APPRAISAL TIME AGAIN – WHAT’S IN IT FOR ME?

Performance appraisal time has the effect of creating discomfort amongst both the judge and the judged.

A lot has been written about the effectiveness of performance appraisal methods and no definitive best practice has been identified. Lately, employers have put a positive spin on the benefits of the process for both the employer and employee by putting more emphasis on two-way communication.

Employees might dislike the process for various reasons. It may be that internally the process is applied inconsistently throughout the organization, or there is a push to achieve a normal distribution curve despite evidence of general high performance. Managers can be biased, they can make errors and many try to avoid conflict and want to get it over with as soon as possible.  What needs to be understood is that performance appraisal is a process not an event, designed to benefit both parties. Regular feedback throughout the year avoids surprises at the end.

Performance appraisals come in different forms

  • 360 degree reviews include input from your peers, subordinates, line manager and even others that you interact with on a day-to-day basis.  This is an expensive exercise which needs tight HR management and is therefore mostly only used in large organizations.
  • Line Manager / Employee review without input from others is common especially in smaller organizations.
  • Peer reviews from co-workers, customers and suppliers.
  • Upward reviews from subordinates and team members.
  • Self-appraisal is often an element used in all of the above to round out the picture.

Whatever form it will take, formal preparation for an appraisal interview is critical, whether it has been requested or not.

Preparing for your performance appraisal

Let’s see how an employee can turn his appraisal, a bit like a visit to the dentist, into a dialogue that can provide openings into possible career opportunities and insights into personal development.

One of the best pieces of advice I can give you, is not to wait till year end to discuss expectations and performance with your boss. Make it a regular conversation and have a discussion with your supervisor at least once a quarter. This will ensure both of you are on the same page and avoid surprises later on. Ask your boss how you are doing and what you can change/do to ensure that you get the rating you want.

It is also good to take your self-appraisal seriously. This requires taking a long, hard look at your work accomplishments and referring back to the expectations provided to you in your job description or by your manager.  Throughout the year, collect any supporting points and factual documentation that you can use to support your point of view and have your last appraisal ready for reference.  Many appraisers come unprepared and become subjective in their judgements, so it is crucial that you should be ready and well prepared.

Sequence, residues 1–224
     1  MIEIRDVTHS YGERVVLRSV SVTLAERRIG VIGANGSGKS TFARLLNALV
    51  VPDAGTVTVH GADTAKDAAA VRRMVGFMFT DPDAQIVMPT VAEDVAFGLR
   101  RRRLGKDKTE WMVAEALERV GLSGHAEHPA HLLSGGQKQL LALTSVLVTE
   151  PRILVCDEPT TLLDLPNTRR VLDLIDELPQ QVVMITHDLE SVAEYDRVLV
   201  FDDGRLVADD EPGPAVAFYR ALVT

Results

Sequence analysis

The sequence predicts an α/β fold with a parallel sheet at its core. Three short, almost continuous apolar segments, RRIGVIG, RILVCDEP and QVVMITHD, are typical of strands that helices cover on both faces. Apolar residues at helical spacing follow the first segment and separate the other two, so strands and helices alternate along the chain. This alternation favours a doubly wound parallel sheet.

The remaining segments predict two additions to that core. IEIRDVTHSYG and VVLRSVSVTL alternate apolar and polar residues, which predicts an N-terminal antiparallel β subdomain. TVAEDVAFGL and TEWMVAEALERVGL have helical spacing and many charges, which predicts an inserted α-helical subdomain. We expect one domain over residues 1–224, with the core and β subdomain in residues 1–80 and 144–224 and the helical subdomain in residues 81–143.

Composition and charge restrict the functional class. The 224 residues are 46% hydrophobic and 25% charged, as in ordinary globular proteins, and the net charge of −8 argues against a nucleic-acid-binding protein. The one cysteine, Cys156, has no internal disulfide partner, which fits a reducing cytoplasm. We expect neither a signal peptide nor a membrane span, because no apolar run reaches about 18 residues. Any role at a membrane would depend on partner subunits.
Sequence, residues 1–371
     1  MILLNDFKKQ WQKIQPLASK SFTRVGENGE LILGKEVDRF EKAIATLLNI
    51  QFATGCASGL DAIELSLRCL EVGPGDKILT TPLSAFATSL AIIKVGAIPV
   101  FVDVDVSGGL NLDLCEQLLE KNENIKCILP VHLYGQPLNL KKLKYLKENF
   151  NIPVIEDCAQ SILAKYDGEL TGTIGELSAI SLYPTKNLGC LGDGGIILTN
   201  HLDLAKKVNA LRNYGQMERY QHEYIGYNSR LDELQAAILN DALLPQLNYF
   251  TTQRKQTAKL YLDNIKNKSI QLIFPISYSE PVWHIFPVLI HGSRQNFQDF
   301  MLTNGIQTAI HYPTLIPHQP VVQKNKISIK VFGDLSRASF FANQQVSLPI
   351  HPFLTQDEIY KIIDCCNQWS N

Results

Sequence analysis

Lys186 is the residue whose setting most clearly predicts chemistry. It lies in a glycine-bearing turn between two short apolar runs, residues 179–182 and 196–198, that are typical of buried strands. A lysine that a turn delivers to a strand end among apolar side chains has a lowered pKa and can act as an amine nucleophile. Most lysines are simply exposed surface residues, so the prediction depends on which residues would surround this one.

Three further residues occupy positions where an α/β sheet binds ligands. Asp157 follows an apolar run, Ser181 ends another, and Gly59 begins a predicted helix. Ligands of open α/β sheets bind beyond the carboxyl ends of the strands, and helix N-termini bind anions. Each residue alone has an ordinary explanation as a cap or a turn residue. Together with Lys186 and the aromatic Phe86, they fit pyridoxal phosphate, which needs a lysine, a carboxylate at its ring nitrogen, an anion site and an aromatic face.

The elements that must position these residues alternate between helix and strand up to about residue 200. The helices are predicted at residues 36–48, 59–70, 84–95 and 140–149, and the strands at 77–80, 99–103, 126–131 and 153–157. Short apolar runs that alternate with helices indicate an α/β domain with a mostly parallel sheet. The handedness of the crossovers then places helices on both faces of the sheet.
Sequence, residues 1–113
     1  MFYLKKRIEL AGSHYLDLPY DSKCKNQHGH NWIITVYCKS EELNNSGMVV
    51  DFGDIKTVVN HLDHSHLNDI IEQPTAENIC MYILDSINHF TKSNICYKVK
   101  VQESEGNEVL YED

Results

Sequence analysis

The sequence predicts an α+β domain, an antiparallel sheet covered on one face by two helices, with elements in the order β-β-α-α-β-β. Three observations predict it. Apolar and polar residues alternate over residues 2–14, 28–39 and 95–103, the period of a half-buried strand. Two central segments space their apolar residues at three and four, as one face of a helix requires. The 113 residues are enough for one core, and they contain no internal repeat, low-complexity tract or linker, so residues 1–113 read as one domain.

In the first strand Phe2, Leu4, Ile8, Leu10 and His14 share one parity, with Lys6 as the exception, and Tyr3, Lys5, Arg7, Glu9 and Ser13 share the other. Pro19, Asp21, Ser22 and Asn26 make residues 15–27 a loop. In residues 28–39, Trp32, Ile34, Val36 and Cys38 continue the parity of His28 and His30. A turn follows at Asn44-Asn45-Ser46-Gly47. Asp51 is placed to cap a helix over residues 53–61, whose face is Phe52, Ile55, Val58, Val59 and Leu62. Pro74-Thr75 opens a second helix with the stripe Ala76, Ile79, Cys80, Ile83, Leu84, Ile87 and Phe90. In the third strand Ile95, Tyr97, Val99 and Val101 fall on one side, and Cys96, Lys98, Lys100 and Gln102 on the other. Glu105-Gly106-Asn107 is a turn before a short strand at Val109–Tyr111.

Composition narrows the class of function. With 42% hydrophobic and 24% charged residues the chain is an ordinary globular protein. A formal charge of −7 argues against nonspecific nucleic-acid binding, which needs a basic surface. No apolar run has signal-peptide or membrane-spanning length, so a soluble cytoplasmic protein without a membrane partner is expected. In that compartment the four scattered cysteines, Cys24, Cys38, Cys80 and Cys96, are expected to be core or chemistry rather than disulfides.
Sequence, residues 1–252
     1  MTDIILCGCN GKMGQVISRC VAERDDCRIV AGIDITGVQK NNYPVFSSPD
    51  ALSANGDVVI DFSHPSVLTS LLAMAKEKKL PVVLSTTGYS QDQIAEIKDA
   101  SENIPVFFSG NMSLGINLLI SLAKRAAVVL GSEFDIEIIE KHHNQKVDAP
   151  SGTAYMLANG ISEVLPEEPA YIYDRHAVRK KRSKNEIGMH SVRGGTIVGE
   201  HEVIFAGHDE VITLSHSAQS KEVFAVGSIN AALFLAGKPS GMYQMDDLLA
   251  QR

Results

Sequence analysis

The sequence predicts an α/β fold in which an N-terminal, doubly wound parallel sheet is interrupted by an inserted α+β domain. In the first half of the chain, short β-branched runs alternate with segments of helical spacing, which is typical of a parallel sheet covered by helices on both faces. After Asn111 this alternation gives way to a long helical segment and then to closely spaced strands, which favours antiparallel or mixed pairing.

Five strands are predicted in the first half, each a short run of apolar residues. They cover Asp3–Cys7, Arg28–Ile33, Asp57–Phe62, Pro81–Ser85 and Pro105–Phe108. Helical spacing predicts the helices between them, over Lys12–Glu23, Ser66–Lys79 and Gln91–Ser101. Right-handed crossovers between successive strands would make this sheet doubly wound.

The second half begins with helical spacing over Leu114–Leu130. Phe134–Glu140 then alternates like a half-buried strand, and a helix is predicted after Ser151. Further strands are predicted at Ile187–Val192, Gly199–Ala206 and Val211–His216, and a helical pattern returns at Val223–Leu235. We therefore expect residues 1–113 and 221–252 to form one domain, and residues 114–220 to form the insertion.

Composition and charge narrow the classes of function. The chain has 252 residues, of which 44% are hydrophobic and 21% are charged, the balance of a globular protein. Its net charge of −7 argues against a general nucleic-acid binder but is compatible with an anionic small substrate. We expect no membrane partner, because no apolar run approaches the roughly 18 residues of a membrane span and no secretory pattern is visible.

Consider these questions and discussion points:

  • How well did you do overall?  Where/what did you do best?
  • What could you have done better/more efficiently?
  • How good were your working relationships with co-workers?
  • What skills training or coaching do you need to do your job better?
  • What are your goals for the next year?  What must change for this to happen?
  • What can your manager change to help you to succeed?

The performance appraisal and its outcome

The discussion can take the tone of what is called a “feedback sandwich”.  The tough issues will be fitted in between compliments and positive comments on your performance.  Be honest with yourself and stay objective in the face of criticism. Stay in control and don’t allow yourself to be drawn into arguments that don’t relate to your performance on the job.

Remember you are here to compare your achievements to the goals that were set, hopefully together, at the last meeting. Based on this comparison you can arrive at a performance rating that reflects your contributions.

Take the opportunity at the meeting to get clarity about what to expect in terms of remuneration, training and development opportunities and the possibility of a promotion or work expansion.  This information is very helpful in clearing up misunderstandings about pay, increases, benefits, etc.

At the end of the appraisal conversation, the aim is to leave it having the satisfaction of knowing that you have been heard.  It is also important to listen, even if it feels painful, as there may be clues in it for you that could determine  your future path.

Discuss with your manager how you feel he could help you to be successful.  Everyone likes to be asked for their opinion and managers like to see their staff do well as it reflects positively on them too.  Take away the positives from the conversation and consider how you can use this new knowledge to advantage.

Not all employees have a shot at a performance review, make yours work for you.

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